Christopher MarkowskiArticle, Financial PlanningLeave a Comment

John Donofrio of Donofrio Inc. has emerged from the “Tax Cave,” a top secret location that he walls himself in during the months leading up to tax day. (Rumor has it; he has not showered or
shaved in three months.) John is here to enlighten/scare us with another installment of Tales from the Crypt.

I just had a new client come to my office for the first time to have her 2006 tax return prepared.

This individual unfortunately had her previous years tax return prepared by none other than H&R Block. Due diligence and in this case, common sense, calls for me to review prior years tax
returns in order to prepare the current years correctly as well as diffuse any time bombs left by carelessness or ignorance. Also, their are certain items that can be deductible on this year’s return such as state taxes paid with the prior year tax return due date and items such as state tax refunds that need to be included as income on your federal tax return.

This new client of mine happened to be retired with a conservative preservation of capital outlook in regards to her investments. Her portfolio consisted of NYS/NYC municipal bonds, which for all
practical purposes are tax free to the federal government, NYS and NYC (triple tax free)**. Two of the principal reasons for the purchase and ownership of municipal bonds are tax free income
and preservation of capital. Because of this, municipal bonds typically pay less interest for that tax benefit.

My client was entitled to the triple tax-free benefit that NYS/NYC municipal bonds provide. However, the geniuses at H&R Block thought differently. After reviewing her tax return for 2005, I
saw that the federal return correctly showed the tax exempt interest, however, after reviewing her state return I was shocked to discover that all of her NYS/NYC municipal bond interest was
added back in to her NYS tax return. By adding back the interest to her state return, H&R Block had my client paying over $5,000 in unnecessary taxes to the powers that be in Albany for tax

year 2005.
The incompetent H&R Block rep did not even look at her brokerage statements to see where the tax exempt interest derived from. If she had municipal interest other than NYS/NYC then I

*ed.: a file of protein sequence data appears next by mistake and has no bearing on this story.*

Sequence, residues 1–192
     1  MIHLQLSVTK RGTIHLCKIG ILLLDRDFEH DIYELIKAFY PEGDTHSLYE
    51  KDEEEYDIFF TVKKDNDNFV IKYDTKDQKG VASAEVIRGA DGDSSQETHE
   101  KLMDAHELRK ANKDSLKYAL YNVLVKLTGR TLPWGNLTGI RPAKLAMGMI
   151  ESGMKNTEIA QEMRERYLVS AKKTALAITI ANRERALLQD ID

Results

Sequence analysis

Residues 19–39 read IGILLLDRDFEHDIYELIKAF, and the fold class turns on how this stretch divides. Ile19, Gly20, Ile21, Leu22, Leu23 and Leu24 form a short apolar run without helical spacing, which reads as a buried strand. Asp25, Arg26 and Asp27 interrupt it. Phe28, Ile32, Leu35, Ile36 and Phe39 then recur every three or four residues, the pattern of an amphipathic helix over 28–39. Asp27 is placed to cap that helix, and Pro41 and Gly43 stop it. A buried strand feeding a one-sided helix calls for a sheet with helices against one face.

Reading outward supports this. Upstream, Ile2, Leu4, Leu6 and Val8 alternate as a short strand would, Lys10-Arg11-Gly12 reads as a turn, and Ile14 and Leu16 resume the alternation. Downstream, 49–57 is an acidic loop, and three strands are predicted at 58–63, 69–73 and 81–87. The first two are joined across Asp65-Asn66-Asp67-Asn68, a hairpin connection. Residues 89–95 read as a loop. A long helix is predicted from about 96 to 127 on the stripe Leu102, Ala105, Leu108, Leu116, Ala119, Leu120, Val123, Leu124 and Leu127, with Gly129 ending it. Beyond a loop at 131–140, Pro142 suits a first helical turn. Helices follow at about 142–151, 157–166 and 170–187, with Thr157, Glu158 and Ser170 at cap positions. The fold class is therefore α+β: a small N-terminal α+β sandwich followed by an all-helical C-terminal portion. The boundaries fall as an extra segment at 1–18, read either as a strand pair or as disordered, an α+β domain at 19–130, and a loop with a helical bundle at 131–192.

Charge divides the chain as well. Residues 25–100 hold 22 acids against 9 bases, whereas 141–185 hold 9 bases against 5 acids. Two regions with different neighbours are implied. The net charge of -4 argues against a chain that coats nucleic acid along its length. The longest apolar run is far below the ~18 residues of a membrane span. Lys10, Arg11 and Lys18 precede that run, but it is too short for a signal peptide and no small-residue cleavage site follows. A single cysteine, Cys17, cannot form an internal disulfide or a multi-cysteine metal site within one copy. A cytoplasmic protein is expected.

understand adding it back to her NYS return; however, that was not the case in this situation. My client had the rep call on a three way and he asked me what was wrong with the return for 2005.
I indicated to the rep that she had all NYS/NYC municipal bond interest and her consolidated 1099 statement indicated such. I informed him that he caused her to pay an additional $5000 in

His response… “My bad.”

We are all human and everyone is entitled to mistakes; however, this case was Accounting 101.

The bottom line is with a tax code that is nine million words and growing, there is also a growing unlikelihood that you will find a competent tax-advisor whose experience and education is a six–
week crash course.

This was not an error of omission. It was an error of ignorance.

Anyway…we amended the return and my client is awaiting the taxes she paid out incorrectly for 2005. The reality is that if she didn’t walk into my office, she would be paying an additional $5000
this year as well.

If you have any questions regarding this years or prior years returns please do not hesitate to contact me at (718) 921-1818.

**Understand that certain municipal interest derived from private activity is added back for alternative minimum tax purposes. The scope of the private activity bond interest is a lot more involved for this article; however, year end consolidated 1099 will indicate the amount of interest from a private activity.

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